The Sun: What was your involvement with the Straight takeover?

C.U. Will Pay $2.6M in Fraud Case

Weill Cornell Medical College has agreed to pay over $2.6 million to settle civil charges that Cornell defrauded the National Institutes of Health and the Department of Defense as it sought more than $14 million in federal research grants, Acting U.S. Attorney Lev Dassin announced earlier this month.
The settlement resolves the charges that the government had brought against Cornell for filing false claims for federal research grant money. Cornell knowingly made false records and false statements in order to get fraudulent claims paid or approved by the federal government in connection with NIH and Department of Defense grants, according to the government’s complaint.

Amid Criticism, C.U. Receives Federal Earmarks

President Barack Obama signed into law yesterday what he called an “imperfect” $410 billion omnibus appropriations bill, amid Republican criticism that the legislation contains billions of dollars of earmarks.
Several of those earmarks contain funding that will benefit Cornell, most significantly $2.2 million headed for the Univer­sity’s Grape Genetics Research Center at Geneva.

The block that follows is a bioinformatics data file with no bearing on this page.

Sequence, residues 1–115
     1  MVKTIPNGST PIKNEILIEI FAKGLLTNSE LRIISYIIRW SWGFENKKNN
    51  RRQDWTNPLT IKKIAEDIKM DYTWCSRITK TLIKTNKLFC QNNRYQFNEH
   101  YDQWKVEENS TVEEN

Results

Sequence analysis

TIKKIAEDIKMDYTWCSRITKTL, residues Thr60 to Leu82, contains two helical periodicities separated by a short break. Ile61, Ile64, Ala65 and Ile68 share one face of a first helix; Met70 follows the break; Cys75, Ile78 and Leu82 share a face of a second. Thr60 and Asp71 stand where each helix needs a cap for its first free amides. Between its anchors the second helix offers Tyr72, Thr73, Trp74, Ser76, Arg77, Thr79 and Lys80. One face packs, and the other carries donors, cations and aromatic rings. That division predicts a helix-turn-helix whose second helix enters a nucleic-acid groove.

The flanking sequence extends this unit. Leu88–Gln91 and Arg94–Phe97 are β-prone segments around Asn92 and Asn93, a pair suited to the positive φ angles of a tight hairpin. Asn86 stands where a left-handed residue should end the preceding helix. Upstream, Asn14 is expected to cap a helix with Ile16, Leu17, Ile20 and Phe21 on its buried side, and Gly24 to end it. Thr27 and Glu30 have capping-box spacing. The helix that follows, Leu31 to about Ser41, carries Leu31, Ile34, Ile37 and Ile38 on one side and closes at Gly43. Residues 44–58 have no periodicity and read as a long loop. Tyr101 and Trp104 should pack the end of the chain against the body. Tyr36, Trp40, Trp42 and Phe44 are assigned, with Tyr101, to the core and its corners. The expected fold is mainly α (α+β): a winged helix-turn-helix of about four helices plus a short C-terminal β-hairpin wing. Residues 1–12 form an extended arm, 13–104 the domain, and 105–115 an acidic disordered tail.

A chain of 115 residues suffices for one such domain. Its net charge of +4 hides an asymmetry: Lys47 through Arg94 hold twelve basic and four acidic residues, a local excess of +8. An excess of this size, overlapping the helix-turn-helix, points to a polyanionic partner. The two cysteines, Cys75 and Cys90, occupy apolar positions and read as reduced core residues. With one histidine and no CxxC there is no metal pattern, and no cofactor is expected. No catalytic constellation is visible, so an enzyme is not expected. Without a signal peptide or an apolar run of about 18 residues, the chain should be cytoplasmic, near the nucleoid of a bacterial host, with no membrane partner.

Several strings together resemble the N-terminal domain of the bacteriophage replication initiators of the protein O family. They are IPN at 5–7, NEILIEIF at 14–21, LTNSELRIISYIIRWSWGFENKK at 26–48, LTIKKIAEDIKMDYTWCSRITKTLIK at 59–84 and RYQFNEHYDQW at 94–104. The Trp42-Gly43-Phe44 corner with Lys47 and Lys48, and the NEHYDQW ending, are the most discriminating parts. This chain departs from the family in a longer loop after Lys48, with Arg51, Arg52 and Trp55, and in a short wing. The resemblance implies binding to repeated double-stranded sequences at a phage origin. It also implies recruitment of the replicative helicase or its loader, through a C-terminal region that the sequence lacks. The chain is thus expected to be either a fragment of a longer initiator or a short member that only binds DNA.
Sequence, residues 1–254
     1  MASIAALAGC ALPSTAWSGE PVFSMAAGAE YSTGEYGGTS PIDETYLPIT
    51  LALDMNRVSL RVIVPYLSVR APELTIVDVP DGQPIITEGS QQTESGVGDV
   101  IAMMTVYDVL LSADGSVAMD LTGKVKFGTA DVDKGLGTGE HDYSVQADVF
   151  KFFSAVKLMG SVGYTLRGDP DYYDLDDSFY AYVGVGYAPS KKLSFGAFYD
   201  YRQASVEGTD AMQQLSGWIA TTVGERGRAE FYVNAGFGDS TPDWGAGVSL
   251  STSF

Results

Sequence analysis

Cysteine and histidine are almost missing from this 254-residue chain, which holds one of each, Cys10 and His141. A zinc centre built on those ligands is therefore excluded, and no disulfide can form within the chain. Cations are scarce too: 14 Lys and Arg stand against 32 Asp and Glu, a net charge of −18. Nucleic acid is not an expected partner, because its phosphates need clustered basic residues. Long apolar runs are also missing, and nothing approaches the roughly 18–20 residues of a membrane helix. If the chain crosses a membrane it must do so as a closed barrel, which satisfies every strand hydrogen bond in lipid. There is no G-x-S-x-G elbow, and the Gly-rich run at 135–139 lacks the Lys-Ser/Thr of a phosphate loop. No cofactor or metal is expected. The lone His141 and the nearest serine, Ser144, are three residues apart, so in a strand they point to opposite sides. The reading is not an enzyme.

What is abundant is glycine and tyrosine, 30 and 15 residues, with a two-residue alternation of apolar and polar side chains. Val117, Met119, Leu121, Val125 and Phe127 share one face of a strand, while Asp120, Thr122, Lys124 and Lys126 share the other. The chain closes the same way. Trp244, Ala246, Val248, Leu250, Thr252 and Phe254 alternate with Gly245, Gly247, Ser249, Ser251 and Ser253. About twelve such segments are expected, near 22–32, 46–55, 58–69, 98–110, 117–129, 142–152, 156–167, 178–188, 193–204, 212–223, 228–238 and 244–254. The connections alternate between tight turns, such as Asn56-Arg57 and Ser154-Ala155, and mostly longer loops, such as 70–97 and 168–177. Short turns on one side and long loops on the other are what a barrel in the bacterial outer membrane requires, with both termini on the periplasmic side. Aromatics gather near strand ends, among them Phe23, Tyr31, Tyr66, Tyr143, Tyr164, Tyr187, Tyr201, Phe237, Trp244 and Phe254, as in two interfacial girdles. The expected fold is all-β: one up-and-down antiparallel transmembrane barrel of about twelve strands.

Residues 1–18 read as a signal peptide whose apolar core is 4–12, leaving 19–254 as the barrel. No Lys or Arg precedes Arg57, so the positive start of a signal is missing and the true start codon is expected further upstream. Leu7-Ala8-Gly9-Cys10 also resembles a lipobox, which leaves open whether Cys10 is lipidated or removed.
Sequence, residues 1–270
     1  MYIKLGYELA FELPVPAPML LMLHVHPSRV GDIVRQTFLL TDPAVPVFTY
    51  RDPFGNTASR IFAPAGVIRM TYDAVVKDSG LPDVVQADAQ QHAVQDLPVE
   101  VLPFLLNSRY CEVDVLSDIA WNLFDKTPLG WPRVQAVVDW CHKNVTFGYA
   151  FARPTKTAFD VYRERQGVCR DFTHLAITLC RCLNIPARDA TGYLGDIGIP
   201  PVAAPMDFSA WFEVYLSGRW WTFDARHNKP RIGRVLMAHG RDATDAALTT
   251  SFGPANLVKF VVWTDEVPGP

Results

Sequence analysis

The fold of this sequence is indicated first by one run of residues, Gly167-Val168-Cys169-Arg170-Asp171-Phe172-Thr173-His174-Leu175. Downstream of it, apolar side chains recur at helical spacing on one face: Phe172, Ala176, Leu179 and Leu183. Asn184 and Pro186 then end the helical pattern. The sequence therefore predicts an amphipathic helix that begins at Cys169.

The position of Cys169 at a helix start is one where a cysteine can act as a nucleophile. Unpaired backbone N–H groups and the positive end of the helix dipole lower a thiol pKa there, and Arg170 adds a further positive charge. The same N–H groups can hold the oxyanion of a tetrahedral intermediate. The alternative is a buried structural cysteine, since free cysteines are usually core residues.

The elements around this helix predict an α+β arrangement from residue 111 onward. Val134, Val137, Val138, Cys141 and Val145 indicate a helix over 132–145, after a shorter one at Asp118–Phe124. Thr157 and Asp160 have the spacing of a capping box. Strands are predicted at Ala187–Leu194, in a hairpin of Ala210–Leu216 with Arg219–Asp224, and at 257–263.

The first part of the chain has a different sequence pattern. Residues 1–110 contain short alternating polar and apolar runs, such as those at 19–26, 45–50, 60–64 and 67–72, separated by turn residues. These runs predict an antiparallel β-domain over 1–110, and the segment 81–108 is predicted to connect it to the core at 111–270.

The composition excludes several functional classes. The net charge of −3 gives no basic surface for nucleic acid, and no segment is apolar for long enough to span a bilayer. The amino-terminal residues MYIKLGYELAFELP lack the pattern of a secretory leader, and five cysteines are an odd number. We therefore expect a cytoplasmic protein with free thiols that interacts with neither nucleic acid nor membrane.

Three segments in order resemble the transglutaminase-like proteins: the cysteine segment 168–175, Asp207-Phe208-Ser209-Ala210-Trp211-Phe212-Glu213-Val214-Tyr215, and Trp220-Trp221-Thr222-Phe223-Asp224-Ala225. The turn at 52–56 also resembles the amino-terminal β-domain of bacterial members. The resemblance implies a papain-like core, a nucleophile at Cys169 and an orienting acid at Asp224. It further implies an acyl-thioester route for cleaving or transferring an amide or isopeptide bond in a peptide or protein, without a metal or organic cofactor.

Sen. John McCain (R-Ariz.) has criticized the money earmarked for the project as an example of wasteful spending, ranking it as number four on his Top 10 list of the worst examples of “pork” in the bill.
Cornell, which lobbied specifically for the earmark, defended the project’s merit.

Police Find Body of Missing Ithaca Man in Fall Creek

The Ithaca Police Department on Sunday recovered a body located in the water where Fall Creek empties into Cayuga Lake at Stewart Park.
Police identified the decedent yesterday as Paul K. Rice, 64, of Ithaca.
The IPD, Ithaca Fire department and Bangs ambulance responded at approximately 1:18 p.m. on Sunday to a report of a body in the water. Upon arrival at the scene, officers found Rice’s body floating in the water at the north bank of Fall Creek adjacent to the caretaker house, the police department said in a statement.